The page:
I always felt very comfortable with Foster playing this part. His outrage at the “posse of poofters” on the seafront and the “lesbians” in the dining room was perfectly presented and highlights another issue that occurs to me – generally speaking there was no over-playing. However, like Paul, George needed a bigger reaction to the blackmail. All in all, an excellent performance. Foster had good diction, clarity and was very comfortable in the role.

Simon:             Marc Sardinha

This was an absolute gift of a part. Simon has all the great lines, gags, puns and gets to hide under the desk! An excellent performance. Marc modulated his voice perfectly to the part, but he still had good, clear diction and a strong stage presence.

Liz:                   Karen Rogers 

I may be mistaken (I don’t know what you get up to in your private life) but I couldn’t quite see you as the hard-drinking, chain-smoking journo. However, you appreciate that this is a purely personal thing because you teach at my children’s school! This is not to disparage your performance. For everyone else in the auditorium it was an entirely plausible performance and you were particularly convincing as Eddie’s “ex”. In addition, the speech about what a reporter can achieve was one of the best in the whole play, delivered with clarity and complete conviction. Well done.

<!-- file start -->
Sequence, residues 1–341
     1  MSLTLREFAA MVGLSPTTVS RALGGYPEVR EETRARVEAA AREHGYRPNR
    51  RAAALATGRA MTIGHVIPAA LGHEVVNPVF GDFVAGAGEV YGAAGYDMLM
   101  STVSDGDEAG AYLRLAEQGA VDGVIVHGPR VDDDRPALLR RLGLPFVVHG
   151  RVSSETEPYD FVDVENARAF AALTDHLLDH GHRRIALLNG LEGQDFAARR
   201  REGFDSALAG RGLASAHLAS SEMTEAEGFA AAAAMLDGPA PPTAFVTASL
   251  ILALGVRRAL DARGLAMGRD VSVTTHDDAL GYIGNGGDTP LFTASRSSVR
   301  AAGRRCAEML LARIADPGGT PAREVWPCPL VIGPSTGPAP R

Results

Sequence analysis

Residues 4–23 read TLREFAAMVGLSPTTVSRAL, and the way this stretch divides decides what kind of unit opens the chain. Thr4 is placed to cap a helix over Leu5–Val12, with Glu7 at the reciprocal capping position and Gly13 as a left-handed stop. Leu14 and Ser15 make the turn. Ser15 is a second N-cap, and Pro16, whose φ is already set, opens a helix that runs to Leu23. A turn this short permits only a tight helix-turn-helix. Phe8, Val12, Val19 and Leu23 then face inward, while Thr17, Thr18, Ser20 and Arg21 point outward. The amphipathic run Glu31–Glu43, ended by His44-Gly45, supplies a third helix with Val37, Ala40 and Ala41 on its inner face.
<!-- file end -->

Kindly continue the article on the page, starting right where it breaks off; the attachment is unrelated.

DL:                    Andrew Rogers

Has there ever been a bigger build up? I think I might have gone even further with this character. I would have been tempted to bring him in through the bar doors and down through the auditorium, shaking hands with the audience. I would have arranged for a couple of company members/friends of the company to start the applause as he came in and turned the soundtrack of cheering and applause up a lot louder. The effect would have been to make the audience even more complicit with the obvious fraud. Similarly and in contrast with my admiration for everyone else’s underplaying, I would have been tempted to push this a bit further. It was all there - the pseudo-chumminess, the well rehearsed “y’knows”. It was not that I wanted a more obvious Tony Blair impersonation, but rather a big build up and an audience-embracing entrance, then lay it on with a trowel -  the “tragedy” of the journalists death etc etc.., so the audience who have been suckered into the big welcome end up thinking “What a bastard!”. These are directional points. From an acting point of view - I always enjoy watching Andrew – and thought he played it extremely well. Excellent with the fixed smile – you’re not thinking of going into politics, by any chance?


Overall, was it a success? Most assuredly. I have my reservations about the play but none about your ability to carry it off, despite my criticisms. My lasting impression is of a production in which the director had the whole team (on and off stage) performing as an ensemble. That is an impressive achievement and I congratulate you all.